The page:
After the successful Girl to Woman (G2W) Festival held at Lennox Head in February 2017, the Aunties and Elders who came from Tenterfield with a group of aboriginal girls, asked if a similar Festival could be held in their town. After much planning by a dedicated group of volunteers the date was set for Sunday 27th August.
Many of the volunteers, including some of the Elders, travelled to Tenterfield the day before the Festival to assist with the setup on Saturday evening. As this involved erecting marquees within the local Memorial Hall, preparing massage tables and arranging the various areas for the breakout workshops and discussion groups, there was quite a bit to do.
The setup became a community event before the Festival even started as everyone pitched in from 6 years to 79 years old, and did what they could to ensure that everything was ready for the next day.
As we had done at the Lennox Festival, several of the older volunteers set up a beading table to offer girls, boys and anyone else who is young-at-heart, the opportunity to make a bracelet with beads of their own choice, while in the company of Elders. This activity provided a space for young people to connect with both the other young people at the table and a parent or carer or one of the Elders who was helping out at the table. Some young people asked an Elder to help them choose colours and tie knots while others shared the activity with a friend or parent.
Everyone who visited the table got a reflection from the Elders who were managing the stall that ageing can be very joyful and not something to be dreaded as society constantly leads us to believe.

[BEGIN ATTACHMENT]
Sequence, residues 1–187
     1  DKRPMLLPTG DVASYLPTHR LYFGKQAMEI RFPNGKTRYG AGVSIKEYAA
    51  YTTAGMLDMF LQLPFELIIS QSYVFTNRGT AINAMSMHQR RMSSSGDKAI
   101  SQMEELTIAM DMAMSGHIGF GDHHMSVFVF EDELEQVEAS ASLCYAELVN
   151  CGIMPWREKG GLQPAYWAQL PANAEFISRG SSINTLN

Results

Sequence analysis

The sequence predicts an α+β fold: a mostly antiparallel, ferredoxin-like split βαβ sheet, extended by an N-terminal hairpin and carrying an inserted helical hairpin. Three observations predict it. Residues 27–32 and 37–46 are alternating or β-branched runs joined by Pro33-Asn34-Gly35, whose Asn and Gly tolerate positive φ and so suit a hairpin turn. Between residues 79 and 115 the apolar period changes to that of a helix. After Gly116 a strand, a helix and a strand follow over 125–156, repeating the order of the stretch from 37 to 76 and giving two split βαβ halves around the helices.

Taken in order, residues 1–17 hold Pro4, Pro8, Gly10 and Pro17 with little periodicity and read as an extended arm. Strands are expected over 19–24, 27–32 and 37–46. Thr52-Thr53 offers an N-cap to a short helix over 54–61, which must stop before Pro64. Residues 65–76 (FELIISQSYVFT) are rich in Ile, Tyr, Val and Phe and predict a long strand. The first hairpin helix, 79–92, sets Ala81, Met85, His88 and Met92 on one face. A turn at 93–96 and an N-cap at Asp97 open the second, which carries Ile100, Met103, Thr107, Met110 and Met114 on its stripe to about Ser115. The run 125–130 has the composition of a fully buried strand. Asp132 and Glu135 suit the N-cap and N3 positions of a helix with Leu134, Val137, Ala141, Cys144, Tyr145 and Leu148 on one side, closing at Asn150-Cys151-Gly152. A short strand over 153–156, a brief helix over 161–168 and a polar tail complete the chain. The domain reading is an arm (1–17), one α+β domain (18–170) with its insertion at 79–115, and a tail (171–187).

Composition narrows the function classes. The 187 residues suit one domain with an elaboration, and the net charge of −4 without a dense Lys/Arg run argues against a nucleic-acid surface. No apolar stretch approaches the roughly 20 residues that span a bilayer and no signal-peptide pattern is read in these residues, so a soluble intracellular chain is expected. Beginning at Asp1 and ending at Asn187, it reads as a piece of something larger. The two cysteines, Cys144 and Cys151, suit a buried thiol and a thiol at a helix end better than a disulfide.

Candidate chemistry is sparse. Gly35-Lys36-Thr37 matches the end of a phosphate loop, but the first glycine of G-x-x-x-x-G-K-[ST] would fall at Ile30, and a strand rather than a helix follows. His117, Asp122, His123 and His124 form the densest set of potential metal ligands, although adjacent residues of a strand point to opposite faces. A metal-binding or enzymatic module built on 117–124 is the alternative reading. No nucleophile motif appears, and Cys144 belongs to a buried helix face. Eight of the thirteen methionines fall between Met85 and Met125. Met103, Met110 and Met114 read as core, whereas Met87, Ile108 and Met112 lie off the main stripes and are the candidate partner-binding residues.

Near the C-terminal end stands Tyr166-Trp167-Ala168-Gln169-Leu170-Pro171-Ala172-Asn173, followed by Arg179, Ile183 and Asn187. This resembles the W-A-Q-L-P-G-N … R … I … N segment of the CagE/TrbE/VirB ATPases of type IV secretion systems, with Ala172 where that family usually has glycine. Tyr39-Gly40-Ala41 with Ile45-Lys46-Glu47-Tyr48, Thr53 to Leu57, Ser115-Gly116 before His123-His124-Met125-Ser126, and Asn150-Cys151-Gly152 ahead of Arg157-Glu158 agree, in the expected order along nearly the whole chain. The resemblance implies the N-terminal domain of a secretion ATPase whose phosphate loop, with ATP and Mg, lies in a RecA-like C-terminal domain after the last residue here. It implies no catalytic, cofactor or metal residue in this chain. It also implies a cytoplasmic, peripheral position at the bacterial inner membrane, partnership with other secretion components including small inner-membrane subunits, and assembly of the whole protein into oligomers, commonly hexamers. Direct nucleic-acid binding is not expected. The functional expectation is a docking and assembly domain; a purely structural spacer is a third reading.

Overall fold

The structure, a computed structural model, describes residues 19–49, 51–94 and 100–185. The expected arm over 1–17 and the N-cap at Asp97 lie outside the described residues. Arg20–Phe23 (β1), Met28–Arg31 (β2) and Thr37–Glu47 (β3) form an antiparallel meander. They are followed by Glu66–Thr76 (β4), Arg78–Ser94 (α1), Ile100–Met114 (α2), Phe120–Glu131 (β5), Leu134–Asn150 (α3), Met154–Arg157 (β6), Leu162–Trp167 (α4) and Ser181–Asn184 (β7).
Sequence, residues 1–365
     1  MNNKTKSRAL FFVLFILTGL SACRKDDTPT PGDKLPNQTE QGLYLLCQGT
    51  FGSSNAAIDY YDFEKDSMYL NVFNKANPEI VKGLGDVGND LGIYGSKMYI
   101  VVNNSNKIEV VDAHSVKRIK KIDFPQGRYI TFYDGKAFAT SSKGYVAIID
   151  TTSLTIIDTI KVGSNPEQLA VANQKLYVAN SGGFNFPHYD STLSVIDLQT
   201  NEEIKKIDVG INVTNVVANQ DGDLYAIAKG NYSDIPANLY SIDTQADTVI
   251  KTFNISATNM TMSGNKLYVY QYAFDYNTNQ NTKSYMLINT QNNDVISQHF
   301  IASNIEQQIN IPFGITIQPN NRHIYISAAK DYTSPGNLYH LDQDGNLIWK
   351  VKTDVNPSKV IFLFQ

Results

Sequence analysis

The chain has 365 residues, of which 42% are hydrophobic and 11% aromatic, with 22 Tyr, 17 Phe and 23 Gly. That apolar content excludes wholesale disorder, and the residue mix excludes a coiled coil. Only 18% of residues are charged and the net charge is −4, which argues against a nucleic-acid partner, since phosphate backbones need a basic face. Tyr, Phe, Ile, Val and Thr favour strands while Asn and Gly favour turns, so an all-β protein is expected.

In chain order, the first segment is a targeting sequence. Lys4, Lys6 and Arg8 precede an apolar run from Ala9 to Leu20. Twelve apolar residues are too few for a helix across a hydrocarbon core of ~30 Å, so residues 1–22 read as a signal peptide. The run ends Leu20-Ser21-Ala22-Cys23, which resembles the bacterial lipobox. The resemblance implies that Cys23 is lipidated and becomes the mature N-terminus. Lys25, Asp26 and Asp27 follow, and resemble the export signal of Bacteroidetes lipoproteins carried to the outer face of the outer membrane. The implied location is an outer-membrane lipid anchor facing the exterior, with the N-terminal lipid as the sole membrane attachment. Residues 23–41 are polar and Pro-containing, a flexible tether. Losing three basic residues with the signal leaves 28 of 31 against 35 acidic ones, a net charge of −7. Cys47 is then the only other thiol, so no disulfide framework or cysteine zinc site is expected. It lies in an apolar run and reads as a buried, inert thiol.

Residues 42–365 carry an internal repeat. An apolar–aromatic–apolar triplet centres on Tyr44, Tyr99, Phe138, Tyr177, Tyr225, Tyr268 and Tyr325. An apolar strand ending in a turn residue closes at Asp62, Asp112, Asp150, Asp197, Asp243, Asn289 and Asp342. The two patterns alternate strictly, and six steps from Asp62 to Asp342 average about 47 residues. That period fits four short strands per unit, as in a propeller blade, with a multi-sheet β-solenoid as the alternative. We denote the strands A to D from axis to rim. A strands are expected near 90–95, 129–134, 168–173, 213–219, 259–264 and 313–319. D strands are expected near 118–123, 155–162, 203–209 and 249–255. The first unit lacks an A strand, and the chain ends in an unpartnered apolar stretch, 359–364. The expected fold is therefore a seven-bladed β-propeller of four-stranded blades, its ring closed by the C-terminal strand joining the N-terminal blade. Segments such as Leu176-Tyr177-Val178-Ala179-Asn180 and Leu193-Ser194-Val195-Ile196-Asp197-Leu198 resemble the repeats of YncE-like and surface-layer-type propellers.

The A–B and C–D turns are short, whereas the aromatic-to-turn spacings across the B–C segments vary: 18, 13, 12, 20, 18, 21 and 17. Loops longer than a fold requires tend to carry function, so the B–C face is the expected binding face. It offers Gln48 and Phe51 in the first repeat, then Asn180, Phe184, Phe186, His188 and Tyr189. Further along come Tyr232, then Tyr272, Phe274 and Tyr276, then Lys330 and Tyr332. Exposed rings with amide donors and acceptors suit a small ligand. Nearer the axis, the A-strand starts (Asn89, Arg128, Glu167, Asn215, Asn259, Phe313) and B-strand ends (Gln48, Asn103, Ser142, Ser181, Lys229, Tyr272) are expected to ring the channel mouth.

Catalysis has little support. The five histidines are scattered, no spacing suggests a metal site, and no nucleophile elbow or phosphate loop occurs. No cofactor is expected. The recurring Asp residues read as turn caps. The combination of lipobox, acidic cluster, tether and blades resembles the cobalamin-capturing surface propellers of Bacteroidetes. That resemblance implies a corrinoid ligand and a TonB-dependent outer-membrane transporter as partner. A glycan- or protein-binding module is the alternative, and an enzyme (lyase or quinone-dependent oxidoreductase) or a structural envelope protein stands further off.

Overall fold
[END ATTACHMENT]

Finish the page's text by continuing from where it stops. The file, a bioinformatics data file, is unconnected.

Three of the Elders who are in their seventies were asked by several adults what their secret was! When we suggested that they read about it in our book, ‘The Joy of Ageing, Esoterically’, two ladies bought the book and promised to look at our website.
As Elders we were inspired by how consciously present and focused many of the young people were and how much fun they had laughing and giggling together with us and with each other as they made their bracelets. It was as if the age gap did not matter! It was also very inspiring to chat with many of the children and young ladies about different aspects of their lives and how they were enjoying the Festival.
It was not only young people who wanted to make themselves a bracelet. At least one father had a go, accompanied by two young men who have recently graduated as nurses. Even they became engrossed as their bracelets gradually took form as they selected their favourite beads and added them to the thread. At the end of the day, most visitors were walking around exhibiting their new adornment!
We had a fun time chatting with them all and hearing what they had to say about the Tenterfield Festival – how supportive it was for the young girls to have such an array of activities and a full agenda of workshops and discussion groups including a singing and Expression workshop. There was even a popup Cafe serving delicious, wholesome food through out the day.
After the event the community feeling continued as many helped with the pack-down including one or two Elders who were able to do the light jobs! This event showed yet again that no matter our age, we are never too old to make a meaningful contribution to the community if we listen to our bodies and only do as much as we feel to.
It was acknowledged at the Festival that as Elders our greatest contribution is not necessarily what we do but rather the reflection we bring – that ageing can be joy-full.
As Elders, we have much lived experience which we can share with young and old alike. This seems to me to be a good reason to stay active and engaged with the community until our last breath.
Anne McR., Australia